well possible that the same command on different devices, even
from the same vendor, behaves differently.

- The command line interface is primarily targeted to humans which


can adapt to minor syntax and format changes easily. Using
command line interfaces as a programmatic interface is troublesome
because of parsing complexities.

- Command line interfaces often lack proper version control for the
syntax and the semantics. It is therefore time consuming and
error prone to maintain programs or scripts that interface with
different versions of a command line interface.

- Since command line interfaces are proprietary, they can not be


used efficiently to automate processes in an environment with a
heterogenous set of devices.

- The access control facilities, if present at all, are often ad-hoc


and sometimes insufficient.

2.5 HTTP / HTML

Many devices have an embedded web server which can be used to


configure the device and to obtain status information. The commonly
used protocol is HTTP, and information is rendered in HTML. Some
devices also expect that clients have facilities such as Java or Java
Script.

+ Embedded web servers for configuration are end-user friendly and


solution oriented.

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+ Embedded web servers are suitable for configuring consumer devices


by inexperienced users.

+ Web server configuration is widely deployed, especially in boxes


targeted to the consumer market.

+ There is no need for specialized applications to use embedded web


servers since web browsers are commonly available today.

- Embedded web servers are management application hostile. Parsing


HTML pages to extract useful information is extremely painful.

- Replay of configuration is often problematic, either because the


web pages rely on some active content or because different
versions of the same device use different ways to interact with
the user.

- The access control facilities, if present at all, are often ad-hoc


and sometimes insufficient.

2.6 XML

In the late 1990’s, some vendors started to use the Extensible Markup
Language (XML) [XML] for describing device configurations and for
protocols that can be used to retrieve and manipulate XML formatted
configurations.

+ XML is a machine readable format which is easy to process and


there are many good off the shelf tools available.

+ XML allows the description of structured data of almost arbitrary


complexity.

+ The basic syntax rules behind XML are relatively easy to learn.

+ XML provides a document-oriented view of configuration data


(similar to many proprietary configuration file formats).

+ XML has a robust schema language XSD [XSD] for which many good off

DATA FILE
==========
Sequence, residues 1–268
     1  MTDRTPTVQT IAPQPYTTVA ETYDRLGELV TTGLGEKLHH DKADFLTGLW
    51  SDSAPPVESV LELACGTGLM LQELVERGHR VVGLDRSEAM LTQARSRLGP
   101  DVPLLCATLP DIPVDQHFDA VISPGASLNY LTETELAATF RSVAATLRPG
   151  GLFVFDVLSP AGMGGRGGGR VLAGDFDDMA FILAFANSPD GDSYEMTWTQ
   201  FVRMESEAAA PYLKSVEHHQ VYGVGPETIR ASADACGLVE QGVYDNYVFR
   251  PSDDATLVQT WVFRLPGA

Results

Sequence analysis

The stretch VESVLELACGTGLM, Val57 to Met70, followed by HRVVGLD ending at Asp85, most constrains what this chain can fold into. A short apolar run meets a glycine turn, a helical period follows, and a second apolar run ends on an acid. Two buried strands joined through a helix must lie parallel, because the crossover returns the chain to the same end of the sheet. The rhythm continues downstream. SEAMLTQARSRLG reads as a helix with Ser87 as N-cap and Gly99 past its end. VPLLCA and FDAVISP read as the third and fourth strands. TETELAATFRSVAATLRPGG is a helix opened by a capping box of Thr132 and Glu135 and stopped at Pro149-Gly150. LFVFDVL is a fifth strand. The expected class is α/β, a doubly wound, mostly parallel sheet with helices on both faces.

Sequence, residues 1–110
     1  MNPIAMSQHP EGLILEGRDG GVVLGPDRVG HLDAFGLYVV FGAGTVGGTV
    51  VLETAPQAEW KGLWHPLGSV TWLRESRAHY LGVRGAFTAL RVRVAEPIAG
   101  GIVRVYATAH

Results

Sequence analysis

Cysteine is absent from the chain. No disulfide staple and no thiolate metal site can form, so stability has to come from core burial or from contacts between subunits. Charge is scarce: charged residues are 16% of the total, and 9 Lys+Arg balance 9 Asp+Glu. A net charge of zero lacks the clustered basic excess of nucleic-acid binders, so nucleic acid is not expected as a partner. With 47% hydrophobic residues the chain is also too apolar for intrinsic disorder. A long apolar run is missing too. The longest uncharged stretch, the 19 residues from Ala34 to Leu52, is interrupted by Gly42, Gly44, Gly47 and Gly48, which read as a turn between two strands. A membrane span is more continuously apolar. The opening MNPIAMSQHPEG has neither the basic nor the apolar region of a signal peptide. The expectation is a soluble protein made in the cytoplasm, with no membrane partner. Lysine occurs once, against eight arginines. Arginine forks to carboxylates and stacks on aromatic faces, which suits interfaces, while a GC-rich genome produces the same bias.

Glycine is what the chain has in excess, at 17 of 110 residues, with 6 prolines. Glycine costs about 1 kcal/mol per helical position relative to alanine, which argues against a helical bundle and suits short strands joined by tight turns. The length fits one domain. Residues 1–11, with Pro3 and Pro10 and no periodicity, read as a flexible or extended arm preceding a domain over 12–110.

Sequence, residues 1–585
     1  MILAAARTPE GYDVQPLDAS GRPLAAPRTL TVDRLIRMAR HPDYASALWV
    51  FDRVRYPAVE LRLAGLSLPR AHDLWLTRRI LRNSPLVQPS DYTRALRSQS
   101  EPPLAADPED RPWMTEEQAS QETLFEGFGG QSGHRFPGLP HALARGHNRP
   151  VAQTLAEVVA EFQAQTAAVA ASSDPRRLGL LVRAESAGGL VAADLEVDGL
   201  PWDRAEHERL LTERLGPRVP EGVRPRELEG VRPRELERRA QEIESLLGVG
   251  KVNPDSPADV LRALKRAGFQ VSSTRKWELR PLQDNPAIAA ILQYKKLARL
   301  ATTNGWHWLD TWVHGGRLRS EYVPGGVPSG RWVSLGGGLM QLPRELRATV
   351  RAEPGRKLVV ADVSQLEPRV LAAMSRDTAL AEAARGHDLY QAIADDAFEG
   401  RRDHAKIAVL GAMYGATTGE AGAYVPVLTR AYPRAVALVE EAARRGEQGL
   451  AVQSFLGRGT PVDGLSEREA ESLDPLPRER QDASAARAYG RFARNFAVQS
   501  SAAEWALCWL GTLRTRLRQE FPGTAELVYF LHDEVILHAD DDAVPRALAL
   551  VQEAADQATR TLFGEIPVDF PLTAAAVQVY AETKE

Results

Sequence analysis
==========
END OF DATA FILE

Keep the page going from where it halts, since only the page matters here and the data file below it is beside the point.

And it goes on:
the shelf tools exist.

o XML alone is just syntax. XML schemas must be carefully designed


to make XML truly useful as a data exchange format.

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- XML is rather verbose. This either increases the bandwidth


required to move management information around (which is an issue
in e.g., wireless or asymmetric cable networks) or it requires
that the systems involved have the processing power to do on the
fly compression/decompression.

- There is a lack of commonly accepted standardized management


specific XML schemas.

3. Operator Requirements

During the breakout session, the operators were asked to identify


needs that have not been sufficiently addressed. The results
produced during the breakout session were later discussed and
resulted in the following list of operator requirements.

1. Ease of use is a key requirement for any network management


technology from the operators point of view.

2. It is necessary to make a clear distinction between configuration


data, data that describes operational state and statistics. Some
devices make it very hard to determine which parameters were
administratively configured and which were obtained via other
mechanisms such as routing protocols.

3. It is required to be able to fetch separately configuration data,


operational state data, and statistics from devices, and to be
able to compare these between devices.

4. It is necessary to enable operators to concentrate on the


configuration of the network as a whole rather than individual
devices.

5. Support for configuration transactions across a number of devices


would significantly simplify network configuration management.

6. Given configuration A and configuration B, it should be possible


to generate the operations necessary to get from A to B with
minimal state changes and effects on network and systems. It is
important to minimize the impact caused by configuration changes.

7. A mechanism to dump and restore configurations is a primitive


operation needed by operators. Standards for pulling and pushing
configurations from/to devices are desirable.

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8. It must be easy to do consistency checks of configurations over


time and between the ends of a link in order to determine the
changes between two configurations and whether those
configurations are consistent.

9. Network wide configurations are typically stored in central